‘A risk people could mis-prioritise their finances’
Speaking about Help to Save when it was first announced back in 2016, Martin Lewis said: “Encouraging people to save is a good thing, however there is a risk ‘Help to Save’ could substantially mis-prioritise people’s finances.
“Already, many people make the mistake of trying to save when they are in debt, and yet the cost of debt for most usually vastly outweighs the gain of saving. In a perfect world, everyone would have savings for at least six months’ worth of bills put aside in case of emergency – but we don’t live in a perfect world.
“If you’ve £1,000 on a credit card, which can be up to 30% interest a year, paying it off with your savings that earn you less than 1% is very beneficial, but people often try to do both. In fact, the right move is to pay back the credit card with your savings and only then try to save. If an emergency happens in the meantime, in the worst case you borrow back from the credit card, leaving you no worse off than where you started.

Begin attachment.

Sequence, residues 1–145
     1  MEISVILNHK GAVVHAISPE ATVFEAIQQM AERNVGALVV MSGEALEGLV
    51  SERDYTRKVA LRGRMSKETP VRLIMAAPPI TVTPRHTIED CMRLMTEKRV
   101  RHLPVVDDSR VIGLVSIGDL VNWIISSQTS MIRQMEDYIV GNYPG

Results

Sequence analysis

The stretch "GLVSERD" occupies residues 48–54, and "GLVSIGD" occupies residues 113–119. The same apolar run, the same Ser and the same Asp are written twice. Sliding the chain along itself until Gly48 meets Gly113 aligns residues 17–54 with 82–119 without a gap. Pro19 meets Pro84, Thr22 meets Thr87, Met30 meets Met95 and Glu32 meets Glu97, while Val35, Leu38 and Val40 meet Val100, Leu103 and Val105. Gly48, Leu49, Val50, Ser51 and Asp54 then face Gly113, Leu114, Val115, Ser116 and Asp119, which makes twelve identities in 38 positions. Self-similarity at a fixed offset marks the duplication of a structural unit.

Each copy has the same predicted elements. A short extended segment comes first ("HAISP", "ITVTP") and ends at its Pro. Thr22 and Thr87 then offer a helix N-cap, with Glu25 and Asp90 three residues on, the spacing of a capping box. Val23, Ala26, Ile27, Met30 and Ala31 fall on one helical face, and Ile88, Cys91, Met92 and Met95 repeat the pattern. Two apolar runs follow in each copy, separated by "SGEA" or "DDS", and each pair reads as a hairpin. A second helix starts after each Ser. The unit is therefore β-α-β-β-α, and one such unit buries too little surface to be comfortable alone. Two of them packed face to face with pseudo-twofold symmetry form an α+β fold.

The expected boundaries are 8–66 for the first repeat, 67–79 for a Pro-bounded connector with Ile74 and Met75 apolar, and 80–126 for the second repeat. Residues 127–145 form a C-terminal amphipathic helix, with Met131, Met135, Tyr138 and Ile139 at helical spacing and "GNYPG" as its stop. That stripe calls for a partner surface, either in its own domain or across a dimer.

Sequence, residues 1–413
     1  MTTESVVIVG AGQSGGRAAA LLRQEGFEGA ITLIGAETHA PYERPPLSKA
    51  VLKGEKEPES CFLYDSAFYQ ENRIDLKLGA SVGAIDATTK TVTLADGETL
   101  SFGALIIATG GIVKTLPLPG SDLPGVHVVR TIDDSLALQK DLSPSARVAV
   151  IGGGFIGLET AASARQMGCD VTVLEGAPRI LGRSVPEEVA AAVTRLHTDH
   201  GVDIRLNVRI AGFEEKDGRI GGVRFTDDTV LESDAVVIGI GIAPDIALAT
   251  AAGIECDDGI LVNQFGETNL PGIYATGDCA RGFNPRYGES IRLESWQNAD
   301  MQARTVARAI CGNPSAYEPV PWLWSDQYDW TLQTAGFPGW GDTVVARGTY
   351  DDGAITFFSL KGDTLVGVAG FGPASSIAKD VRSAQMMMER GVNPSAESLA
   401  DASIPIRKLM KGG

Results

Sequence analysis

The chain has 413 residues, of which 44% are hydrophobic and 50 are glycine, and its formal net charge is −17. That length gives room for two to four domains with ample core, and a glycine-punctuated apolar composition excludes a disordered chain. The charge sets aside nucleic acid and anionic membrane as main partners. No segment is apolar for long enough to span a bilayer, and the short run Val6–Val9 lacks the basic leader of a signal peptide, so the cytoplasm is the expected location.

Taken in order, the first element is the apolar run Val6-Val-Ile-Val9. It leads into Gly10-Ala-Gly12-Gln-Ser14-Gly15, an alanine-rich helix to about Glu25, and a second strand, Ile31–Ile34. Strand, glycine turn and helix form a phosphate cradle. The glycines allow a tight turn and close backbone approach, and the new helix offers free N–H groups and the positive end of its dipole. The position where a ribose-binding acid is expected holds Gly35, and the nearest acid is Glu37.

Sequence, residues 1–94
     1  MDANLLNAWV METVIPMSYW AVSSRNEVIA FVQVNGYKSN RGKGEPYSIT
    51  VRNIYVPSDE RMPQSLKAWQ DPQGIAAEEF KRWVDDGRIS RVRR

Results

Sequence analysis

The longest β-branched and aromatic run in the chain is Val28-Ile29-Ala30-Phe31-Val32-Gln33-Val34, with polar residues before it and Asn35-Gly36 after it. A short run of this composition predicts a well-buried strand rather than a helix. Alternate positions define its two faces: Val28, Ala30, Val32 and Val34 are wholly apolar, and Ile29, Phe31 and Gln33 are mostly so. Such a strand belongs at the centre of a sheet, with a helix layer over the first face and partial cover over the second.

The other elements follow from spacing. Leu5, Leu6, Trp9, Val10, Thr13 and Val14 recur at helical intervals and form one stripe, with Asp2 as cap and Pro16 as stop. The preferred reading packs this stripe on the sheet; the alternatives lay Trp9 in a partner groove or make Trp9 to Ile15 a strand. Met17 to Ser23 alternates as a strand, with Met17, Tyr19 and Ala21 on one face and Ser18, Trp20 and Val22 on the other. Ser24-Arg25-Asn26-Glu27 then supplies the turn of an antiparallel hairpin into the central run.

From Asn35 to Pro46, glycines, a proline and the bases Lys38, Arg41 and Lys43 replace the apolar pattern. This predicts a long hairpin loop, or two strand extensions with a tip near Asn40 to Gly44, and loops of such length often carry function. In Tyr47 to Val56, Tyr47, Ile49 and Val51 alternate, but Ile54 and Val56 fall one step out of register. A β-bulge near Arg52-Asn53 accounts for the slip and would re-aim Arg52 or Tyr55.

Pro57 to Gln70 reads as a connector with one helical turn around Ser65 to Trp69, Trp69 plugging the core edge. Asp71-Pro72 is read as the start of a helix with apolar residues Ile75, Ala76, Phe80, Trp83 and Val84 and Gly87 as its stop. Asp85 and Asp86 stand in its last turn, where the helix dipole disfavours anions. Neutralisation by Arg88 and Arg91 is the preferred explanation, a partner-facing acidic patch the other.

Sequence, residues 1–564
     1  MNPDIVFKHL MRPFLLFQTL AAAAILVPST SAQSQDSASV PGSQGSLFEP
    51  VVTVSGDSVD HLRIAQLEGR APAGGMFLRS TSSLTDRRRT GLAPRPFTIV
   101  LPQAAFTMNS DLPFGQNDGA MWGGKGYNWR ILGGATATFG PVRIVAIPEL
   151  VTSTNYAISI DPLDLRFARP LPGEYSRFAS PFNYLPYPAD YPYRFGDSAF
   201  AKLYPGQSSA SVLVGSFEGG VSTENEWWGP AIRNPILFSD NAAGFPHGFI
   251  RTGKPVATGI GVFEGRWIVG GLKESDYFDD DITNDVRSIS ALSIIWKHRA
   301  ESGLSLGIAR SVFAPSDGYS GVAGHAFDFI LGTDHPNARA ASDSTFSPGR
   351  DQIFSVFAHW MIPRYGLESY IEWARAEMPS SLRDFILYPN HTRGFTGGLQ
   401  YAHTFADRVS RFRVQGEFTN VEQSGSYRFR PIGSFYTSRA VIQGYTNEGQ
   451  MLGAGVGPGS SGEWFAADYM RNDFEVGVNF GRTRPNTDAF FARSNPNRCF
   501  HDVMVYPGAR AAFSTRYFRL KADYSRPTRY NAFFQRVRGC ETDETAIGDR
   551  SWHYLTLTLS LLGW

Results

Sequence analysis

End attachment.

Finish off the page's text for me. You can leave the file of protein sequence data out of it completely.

“My worry with ‘Help to Save’ – especially because of the long delay before people get the bonus – is that people may start to think that everyone should put aside money each month, when the truth is for many with expensive debts, especially payday loans, that’s a bad idea. So, ‘Help to Save’ must be accompanied by strong guidance of who should and shouldn’t do it – rather than a blanket encouragement.”